Algae as functional ingredient
Which brings us to the second rung of the algae ladder, the derivation of more focused ingredients from algal sources. Prime among these ingredients are the long-chain fatty acids DHA and EPA. These are present in fish only because they are synthesized in algae first, and work their way up the food chain to be concentrated in fatty fish flesh. The leader in this realm has been Martek (now part of DSM), which has been producing DHA-rich algal oil via fermentation for years. The company also owns the patent on a strain that also produces EPA, featured in a consumer supplement called Ovega-3.
Another large company making news is the field is Solazyme Roquette Nutritionals, the joint venture that pairs the respective algae fermentation and grain processing leaders. The company’s first product—scheduled to hit the market in early 2012—is one that seems to have successfully worked around the taste issues. Dubbed Whole Algalin Flour, the powdered ingredient can replace fat in many food formulations, from brownies to beverages.
“You can use it just like an egg,” said Jodie Morgan, who is president of the joint venture. “Instead of thinking of it as just as a replacement for fat, it’s really a replacement for a portion of your formulation system.”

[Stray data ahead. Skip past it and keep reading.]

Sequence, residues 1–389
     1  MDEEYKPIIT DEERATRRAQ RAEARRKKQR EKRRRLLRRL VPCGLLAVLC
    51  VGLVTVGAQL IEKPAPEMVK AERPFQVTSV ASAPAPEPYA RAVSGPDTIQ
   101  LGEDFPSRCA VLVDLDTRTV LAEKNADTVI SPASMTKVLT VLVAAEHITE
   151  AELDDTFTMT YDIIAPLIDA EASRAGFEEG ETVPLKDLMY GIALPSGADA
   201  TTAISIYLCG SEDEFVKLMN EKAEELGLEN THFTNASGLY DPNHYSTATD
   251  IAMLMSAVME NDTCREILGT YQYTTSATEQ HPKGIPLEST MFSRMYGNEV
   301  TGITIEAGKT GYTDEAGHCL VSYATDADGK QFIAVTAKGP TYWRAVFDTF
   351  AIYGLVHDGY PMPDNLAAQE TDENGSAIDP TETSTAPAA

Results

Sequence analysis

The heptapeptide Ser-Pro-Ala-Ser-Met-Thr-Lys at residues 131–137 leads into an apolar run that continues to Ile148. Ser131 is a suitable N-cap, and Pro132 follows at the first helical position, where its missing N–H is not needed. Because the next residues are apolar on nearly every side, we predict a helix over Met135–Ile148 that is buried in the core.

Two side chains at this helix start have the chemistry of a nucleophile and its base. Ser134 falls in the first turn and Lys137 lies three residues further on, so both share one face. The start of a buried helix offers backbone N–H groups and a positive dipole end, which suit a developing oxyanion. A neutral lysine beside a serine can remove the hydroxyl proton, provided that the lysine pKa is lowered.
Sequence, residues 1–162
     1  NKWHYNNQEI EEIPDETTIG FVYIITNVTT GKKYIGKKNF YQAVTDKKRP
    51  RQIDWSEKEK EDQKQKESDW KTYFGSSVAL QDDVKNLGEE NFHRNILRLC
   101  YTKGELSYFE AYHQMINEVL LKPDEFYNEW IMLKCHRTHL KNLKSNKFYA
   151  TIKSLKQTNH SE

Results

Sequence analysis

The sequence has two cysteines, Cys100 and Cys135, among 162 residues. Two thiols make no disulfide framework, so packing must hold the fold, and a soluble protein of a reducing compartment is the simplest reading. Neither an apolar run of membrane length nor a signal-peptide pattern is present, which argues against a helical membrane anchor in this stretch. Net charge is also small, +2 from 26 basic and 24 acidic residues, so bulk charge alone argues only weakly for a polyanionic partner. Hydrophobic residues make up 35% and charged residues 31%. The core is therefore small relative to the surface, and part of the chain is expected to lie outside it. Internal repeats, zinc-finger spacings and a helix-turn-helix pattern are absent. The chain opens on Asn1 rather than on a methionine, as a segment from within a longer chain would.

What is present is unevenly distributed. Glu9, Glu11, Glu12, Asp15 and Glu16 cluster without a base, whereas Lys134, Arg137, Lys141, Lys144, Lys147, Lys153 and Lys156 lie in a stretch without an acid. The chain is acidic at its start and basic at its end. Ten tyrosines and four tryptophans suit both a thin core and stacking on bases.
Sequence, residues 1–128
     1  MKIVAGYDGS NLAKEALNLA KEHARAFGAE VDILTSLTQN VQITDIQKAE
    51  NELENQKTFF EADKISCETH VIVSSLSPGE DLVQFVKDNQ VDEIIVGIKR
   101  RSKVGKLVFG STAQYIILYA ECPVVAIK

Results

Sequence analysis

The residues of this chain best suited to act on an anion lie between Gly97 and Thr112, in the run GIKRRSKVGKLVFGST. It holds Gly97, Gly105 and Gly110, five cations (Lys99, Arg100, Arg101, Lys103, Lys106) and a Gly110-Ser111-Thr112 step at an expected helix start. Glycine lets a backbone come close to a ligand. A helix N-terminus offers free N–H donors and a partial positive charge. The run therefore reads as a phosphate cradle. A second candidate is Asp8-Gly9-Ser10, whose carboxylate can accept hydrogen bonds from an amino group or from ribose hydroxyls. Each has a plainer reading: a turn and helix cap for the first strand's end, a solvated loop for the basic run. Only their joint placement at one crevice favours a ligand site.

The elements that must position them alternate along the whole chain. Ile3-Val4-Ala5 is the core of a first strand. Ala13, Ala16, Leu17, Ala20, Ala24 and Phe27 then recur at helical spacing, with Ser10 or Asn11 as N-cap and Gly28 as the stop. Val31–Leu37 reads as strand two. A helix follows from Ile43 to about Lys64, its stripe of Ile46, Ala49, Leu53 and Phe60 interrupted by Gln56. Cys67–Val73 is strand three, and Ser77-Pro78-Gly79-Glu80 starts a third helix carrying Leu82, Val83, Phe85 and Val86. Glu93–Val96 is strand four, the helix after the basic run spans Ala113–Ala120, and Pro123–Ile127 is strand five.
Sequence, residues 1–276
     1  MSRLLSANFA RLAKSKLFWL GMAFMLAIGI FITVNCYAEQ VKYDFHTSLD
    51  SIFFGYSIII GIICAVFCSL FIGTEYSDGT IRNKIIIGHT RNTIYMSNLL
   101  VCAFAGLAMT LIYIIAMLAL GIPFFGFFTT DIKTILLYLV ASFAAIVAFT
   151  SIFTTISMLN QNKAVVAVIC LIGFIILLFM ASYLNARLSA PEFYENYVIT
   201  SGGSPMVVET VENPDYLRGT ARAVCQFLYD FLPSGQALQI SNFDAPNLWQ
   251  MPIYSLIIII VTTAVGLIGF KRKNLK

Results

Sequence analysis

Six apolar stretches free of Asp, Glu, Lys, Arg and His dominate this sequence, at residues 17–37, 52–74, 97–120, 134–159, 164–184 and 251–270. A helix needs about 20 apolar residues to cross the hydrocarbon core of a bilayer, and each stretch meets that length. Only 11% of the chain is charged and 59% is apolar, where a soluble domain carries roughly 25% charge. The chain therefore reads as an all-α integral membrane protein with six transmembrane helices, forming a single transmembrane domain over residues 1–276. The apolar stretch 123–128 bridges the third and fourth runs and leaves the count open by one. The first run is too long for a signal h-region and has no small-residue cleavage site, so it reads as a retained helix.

The company takes the whole cells and cracks them open to release the lipids within, a process similar in concept to the one that Martek pioneered. The joint venture is also developing a high-protein ingredient with plans for launch in mid-2012.
Aurora Algae, too, has its eye on the protein market, with its A2 product line that includes a protein-rich powder ingredient and an EPA-rich oil offering. The company’s process allows it to simultaneously produce nutraceutical ingredients and oil that can be turned into fuel. And it’s a technology that can easily be scaled up to meet demand, Van der Meulen said.
And it’s that production flexibility that allows algae producers the ability to shift gears to meet market demands. Algal species, whether those grown via photosynthesis or fermentation, share similar growing requirements, so producers can shift production toward meeting the sudden spike in astaxanthin demand, for example, or can move toward more protein or oil production.
Algae powers aircraft
The big pot at the end of the algae rainbow is filled with biofuel. Research dollars from the US government have been flowing into the biofuels sector in recent years.
The U.S. military’s insatiable need for fuel drives much of the investment in the sector. The Pentagon’s Defense Advanced Research Projects Agency (DARPA) has a stated goal of obtaining 50 percent of military fuel needs from renewable sources by 2016, primarily as national security insurance against a potential cutoff of foreign oil supplies. Early in November, the world’s first commercial jet took flight fired by Solzayme’s Solafuel, a 40/60 blend of algae-based fuel and traditional petroleum-based jet fuel.
Do algal fuels make sense from a sustainability standpoint? The jury’s out. Researchers from the National Renewable Energy Laboratory in Golden, Colo., who recently explored the issue in an article in American Scientist magazine, said the calculations to answer that question are notoriously imprecise. “They are especially difficult for algal biofuels because so many of the values needed for the calculations are available only as estimates or assumptions,” the authors said.